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Softball-Sized Tumor Turns Out To Be Bone Cancer, Doctors Create Innovative Treatment

For years, Edward Cifra thought the lump on his chest was benign. However, what started out as a small bump continued growing into a softball-sized mass. Further testing revealed it was a rare bone cancer.

“I wasn't concerned at first because I didn’t have any pain. It didn't bother me and just felt like solid bone,” says Edward, a 60-year-old aluminum worker from Struthers, Ohio.

Edward initially noticed the lump on his sternum following a car accident in 2008. He fractured his sternum during the crash, and his local doctor originally thought the lump was scar tissue. He says his doctor continued to keep an eye on it during annual physicals. But years later, Edward noticed the lump changing.

“Back in 2019 and 2020, it grew quite a bit. My doctors had never seen anything like this. They referred me to Cleveland Clinic,” says Edward.

CT imaging shows a cartilage tumor expanding the sternum.
CT imaging shows a cartilage tumor expanding the sternum, suspicious for a chondrosarcoma. This was later proven following a biopsy procedure. (Courtesy: Cleveland Clinic)

Once at Cleveland Clinic, a biopsy revealed the lump was a chondrosarcoma – a bone cancer that begins in the cartilage. Edward’s test results showed he had a low-grade chondrosarcoma, which tends to grow slow and is unlikely to spread.

“The indolent nature of his tumor allowed it to get to this size without spreading. If it were a high-grade chondrosarcoma, it would have likely metastasized,” says Cleveland Clinic thoracic surgeon Daniel Raymond, MD.

According to Dr. Raymond, these tumors rarely respond to chemotherapy or radiation therapy, so treatment typically is solely resection. However, the location of Edward’s tumor posed a challenge for his care team, which included Dr. Raymond and orthopaedic surgeon Nathan Mesko, MD.

“It’s rare for a tumor to get that big and present in this location. The mass had already started to compress the trachea, the esophagus and the left carotid artery. The big concern was its impact on all the structures in the thoracic inlet,” says Dr. Raymond.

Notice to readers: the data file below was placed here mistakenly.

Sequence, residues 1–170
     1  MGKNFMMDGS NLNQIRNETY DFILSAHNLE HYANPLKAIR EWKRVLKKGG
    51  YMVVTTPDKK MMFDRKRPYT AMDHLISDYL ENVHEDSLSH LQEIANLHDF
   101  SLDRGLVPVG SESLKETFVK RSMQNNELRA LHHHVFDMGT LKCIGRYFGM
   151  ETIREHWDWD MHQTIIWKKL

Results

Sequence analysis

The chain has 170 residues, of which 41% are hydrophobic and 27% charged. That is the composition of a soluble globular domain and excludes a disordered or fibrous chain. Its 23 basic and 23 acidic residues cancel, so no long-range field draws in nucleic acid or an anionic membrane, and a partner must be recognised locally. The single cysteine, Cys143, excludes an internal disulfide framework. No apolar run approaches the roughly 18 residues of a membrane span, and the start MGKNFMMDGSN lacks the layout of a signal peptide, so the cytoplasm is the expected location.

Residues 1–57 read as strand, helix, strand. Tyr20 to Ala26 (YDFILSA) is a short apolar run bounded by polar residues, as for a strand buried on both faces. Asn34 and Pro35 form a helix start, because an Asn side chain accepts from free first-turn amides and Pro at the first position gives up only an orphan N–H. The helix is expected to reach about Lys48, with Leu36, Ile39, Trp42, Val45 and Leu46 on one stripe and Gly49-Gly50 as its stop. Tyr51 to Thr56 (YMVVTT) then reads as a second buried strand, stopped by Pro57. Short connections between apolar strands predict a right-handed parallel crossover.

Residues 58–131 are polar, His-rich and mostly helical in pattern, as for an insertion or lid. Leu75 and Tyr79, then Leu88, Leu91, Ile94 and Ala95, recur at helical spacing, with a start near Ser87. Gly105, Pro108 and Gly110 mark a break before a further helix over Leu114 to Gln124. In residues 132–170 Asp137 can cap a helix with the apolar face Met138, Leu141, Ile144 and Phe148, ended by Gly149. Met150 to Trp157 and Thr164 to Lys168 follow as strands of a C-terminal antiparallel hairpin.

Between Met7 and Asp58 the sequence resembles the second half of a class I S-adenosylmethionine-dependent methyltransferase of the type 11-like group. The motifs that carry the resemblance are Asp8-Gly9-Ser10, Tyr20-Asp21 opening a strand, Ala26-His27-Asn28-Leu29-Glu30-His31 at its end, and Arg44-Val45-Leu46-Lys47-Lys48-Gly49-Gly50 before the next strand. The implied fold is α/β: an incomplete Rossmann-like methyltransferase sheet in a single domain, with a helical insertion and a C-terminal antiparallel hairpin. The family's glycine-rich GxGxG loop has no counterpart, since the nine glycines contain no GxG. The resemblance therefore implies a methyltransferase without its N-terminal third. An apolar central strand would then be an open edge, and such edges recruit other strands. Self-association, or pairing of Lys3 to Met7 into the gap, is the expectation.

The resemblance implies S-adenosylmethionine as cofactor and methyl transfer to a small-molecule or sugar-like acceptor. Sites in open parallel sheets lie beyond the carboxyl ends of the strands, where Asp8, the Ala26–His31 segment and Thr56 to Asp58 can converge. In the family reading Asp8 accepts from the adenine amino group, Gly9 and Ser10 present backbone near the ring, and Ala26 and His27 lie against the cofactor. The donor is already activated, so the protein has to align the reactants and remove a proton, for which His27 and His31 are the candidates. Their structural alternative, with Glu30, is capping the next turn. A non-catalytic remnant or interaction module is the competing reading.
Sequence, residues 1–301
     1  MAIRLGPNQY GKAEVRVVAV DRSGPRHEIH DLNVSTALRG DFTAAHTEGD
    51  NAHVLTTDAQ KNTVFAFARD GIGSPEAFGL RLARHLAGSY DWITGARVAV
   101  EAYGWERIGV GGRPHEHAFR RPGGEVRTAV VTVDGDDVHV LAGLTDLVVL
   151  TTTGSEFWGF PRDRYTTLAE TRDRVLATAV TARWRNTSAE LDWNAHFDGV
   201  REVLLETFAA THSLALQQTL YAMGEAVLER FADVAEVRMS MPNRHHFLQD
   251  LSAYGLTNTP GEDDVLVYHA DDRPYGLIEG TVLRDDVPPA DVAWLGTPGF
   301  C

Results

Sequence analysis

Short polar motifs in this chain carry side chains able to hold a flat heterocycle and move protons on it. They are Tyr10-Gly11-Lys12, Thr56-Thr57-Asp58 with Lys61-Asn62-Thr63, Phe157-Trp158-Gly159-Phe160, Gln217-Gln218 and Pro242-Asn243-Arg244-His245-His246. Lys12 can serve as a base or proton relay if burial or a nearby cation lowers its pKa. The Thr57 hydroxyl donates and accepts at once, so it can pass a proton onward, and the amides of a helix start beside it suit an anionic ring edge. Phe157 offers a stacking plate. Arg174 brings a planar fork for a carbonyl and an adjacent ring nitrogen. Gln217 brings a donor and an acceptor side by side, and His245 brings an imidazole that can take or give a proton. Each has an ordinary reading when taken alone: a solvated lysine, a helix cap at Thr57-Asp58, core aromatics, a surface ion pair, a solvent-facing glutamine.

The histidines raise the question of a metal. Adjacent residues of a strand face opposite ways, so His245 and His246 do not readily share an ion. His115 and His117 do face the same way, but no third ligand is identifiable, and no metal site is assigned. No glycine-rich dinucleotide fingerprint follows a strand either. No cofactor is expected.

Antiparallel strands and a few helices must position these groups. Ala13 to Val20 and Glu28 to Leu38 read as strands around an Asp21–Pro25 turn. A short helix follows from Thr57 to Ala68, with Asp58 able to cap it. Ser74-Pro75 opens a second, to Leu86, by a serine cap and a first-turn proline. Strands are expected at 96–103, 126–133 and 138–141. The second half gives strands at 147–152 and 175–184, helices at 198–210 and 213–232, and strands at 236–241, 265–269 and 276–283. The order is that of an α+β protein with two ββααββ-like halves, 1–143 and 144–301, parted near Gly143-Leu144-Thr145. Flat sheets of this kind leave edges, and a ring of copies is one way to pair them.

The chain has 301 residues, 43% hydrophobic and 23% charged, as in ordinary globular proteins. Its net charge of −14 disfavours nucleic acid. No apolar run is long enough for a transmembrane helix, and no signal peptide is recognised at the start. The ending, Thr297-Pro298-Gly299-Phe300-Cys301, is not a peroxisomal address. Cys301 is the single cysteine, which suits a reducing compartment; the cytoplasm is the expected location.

A femoral allograft obtained from a national bone bank, prepared to fit the sternal defect. A chest X-ray shows the final sternal reconstruction.
A femoral allograft was obtained from a national bone bank and prepared to fit the sternal defect.(left) A chest X-ray shows the final sternal reconstruction.(right) (Courtesy: Cleveland Clinic)

To address Edward’s tumor, most of the sternum as well as both sternoclavicular joints (the only skeletal attachment between the arms and axial skeleton) needed to be removed and rebuilt. Removing the sternum and sternoclavicular joints is so rare there is no established standard of care, and artificial implants do not exist. Drs. Raymond and Mesko worked together to create a solution that involved using a cadaveric femur in place of a sternum. During the procedure, the femur would be suspended from both clavicles using a synthetic aortograft (a flexible but tough polyethylene tube used to treat aortic aneurysms), a polyethylene terephthalate suture and a polyethylene cord used for ankle stabilization.

The multidisciplinary team made sure this solution was not only durable but allowed Edward to maintain his range of motion and quality of life. In November 2021, they successfully removed the tumor and rebuilt the sternum.

Edward and Dr. Daniel Raymond at a follow-up appointment.
Edward visiting Dr. Raymond for a follow-up appointment. He continues to see his care team every three to six months. (Courtesy: Cleveland Clinic)

“Our solution showcases the synergy of skill sets required to develop innovative solutions for challenging cases," says Dr. Raymond. "In Edward’s case, the collaboration of expertise led to a unique approach that combined a cadaver bone, cardiovascular technology and an ankle suspension mechanism. This would have never evolved without multidisciplinary teamwork.”

Although there were no complications with the procedure, Edward needed recovery time. He underwent physical and occupational therapy, focusing on ways to limit the amount of force he was putting on his arms immediately after surgery.

“I’ve always been a very active person, and everything started to hurt because I hadn’t moved in such a long time. So, I started a routine where I would do leg stretches while sitting down. I also did arm curls with soup cans,” says Edward.

Edward showing his range of arm motion after surgery.
After surgery, Edward had to avoid weight-bearing activities with his arms and had a limited range of motion. He’s now regaining strength and can move his arms more freely. (Courtesy: Edward Cifra)

Building up his strength was a slow and steady process. Three months postsurgery, Edward’s pain and range of motion had drastically improved. He was even able to return to work full time. Even though Edward still has to take precautions and avoid lifting heavy items, he’s able to enjoy activities like gardening with his wife of 34 years, Tammy, and visiting his grandchild.

“I'm busy with my family, and I have my light-duty hobbies. I'm happy. Drs. Raymond and Mesko saved my life by taking a chance and coming up with a great treatment plan for me," says Edward, who currently shows no evidence of cancer.

Related Institutes: Orthopaedic & Rheumatologic Institute
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